"The Turks of Constantinople do constantly exercise themselves in the noble game of archery, sitting cross-legged on carpets spread upon the ground. In divers streets and crossways of Constantinople, there are also places, where, not only children and young men, but even the graver sort, do exercise. There is one that takes care of the butt, who waters it every day, otherwise it would be so dry, that the Turks' arrows, being always blunt, would not well stick therein; and he that oversees the mark is very particular to draw out and cleanse the arrows, and throw them back to the archers; and he hath a stipend from them, sufficient to maintain him. The front of the butt bears some similarity to a little door; whence perhaps was derived the Greek proverb, that when a man missed the mark, he is said to shoot extra januam, 'beside the door;' for I suppose the Greeks used this way of butting, and that the Turks borrowed it from them.". So far the learned Busbequius. The following are Sandys's remarks:-- "Their bows are for form and length not unlike the lath of a large cross-bow[13], made of the horn of bufaloes, mixed with sinews; of admirable workmanship, and some of them exquisitely gilded. So slothful they be, that they never walk up and down for recreation, nor use any other exercise than shooting. Therein they take as little pains as may be, sitting on cushions in the shadow, and sending their slaves for their arrows. They also shoot against earthern walls ever kept moist in shops and private houses for that purpose, standing not above six paces from the mark, and that with such violence, that the arrow often passes through and through."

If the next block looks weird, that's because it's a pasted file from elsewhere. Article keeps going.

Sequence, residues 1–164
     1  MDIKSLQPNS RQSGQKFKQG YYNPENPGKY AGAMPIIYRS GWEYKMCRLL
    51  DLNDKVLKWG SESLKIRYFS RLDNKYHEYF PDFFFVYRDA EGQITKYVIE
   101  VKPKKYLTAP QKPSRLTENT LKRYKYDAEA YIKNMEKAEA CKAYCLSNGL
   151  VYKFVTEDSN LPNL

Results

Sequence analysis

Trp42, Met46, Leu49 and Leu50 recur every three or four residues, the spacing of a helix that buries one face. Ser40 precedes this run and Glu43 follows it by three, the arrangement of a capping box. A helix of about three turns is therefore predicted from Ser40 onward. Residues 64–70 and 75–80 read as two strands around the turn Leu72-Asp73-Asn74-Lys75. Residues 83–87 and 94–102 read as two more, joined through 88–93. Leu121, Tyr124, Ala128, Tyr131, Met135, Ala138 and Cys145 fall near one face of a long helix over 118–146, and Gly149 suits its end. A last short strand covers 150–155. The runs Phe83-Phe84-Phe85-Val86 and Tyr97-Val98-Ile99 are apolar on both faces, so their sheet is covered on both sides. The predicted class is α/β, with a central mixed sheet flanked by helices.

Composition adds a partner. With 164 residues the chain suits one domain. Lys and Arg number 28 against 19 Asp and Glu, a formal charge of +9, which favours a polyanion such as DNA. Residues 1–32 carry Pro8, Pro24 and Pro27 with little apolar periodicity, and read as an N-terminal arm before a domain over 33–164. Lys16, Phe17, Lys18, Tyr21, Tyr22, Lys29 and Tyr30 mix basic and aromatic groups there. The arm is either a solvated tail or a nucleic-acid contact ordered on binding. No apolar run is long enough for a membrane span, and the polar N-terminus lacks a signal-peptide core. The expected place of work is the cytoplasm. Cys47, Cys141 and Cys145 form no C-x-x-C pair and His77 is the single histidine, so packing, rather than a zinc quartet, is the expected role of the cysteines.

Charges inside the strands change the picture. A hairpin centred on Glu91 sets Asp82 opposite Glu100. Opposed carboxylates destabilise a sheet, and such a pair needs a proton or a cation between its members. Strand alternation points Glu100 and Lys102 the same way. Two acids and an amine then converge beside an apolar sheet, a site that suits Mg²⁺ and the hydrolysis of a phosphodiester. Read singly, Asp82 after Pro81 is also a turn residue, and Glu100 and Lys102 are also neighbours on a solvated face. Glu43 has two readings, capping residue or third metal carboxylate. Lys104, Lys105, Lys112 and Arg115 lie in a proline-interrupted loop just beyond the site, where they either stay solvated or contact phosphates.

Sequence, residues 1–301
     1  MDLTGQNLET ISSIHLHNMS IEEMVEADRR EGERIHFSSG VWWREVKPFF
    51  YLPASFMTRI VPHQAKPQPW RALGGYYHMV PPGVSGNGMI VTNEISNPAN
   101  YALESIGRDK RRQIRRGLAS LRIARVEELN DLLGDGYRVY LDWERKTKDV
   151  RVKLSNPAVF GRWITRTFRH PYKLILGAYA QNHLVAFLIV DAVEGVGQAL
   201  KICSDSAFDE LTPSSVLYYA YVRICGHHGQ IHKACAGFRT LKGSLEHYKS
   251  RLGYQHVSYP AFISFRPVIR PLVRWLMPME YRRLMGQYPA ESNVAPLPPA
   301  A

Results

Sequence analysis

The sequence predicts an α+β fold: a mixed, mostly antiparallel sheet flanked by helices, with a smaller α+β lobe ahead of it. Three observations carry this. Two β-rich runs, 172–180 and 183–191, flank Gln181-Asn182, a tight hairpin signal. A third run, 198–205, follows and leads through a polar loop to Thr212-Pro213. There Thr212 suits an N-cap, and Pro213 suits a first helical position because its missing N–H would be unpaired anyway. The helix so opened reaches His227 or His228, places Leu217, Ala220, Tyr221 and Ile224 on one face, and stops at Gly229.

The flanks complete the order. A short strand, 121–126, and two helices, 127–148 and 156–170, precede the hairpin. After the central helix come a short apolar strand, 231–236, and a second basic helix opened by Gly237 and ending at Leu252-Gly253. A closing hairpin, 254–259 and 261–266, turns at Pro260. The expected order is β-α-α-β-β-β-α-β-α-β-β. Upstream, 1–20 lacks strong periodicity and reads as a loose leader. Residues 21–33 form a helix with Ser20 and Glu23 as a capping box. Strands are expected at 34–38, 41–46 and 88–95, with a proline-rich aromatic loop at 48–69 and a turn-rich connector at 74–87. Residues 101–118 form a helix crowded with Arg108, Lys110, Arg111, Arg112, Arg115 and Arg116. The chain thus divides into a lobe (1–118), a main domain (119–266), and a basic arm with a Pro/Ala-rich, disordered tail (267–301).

Those unacquainted with the prodigious violence with which an arrow is propelled from a strong bow, may perhaps regard the force ascribed to that of Ulysses as a mere poetical exagger ation. An authority or two drawn from the author last quoted and from the writings of the grave historians of our own country must remove their scepticism. "I have seen," says Sands, "their (Turkish) arrows shot by our ambassador through target of steel, pieces of brass two inches thick, and through wood, witth an arrow headed with wood, of eight inches. "So stands the original; yet the words "two inches thick," must be a mistranspo-sition, and the sentence should stand thus: "through pieces of wood two inches thick." Even then, with such arrows, I confess it still appears to me a marvel; however, Lord Bacon the same, and Greaves's Pyramidographia and Barclay's Iconimorum, have something very like it.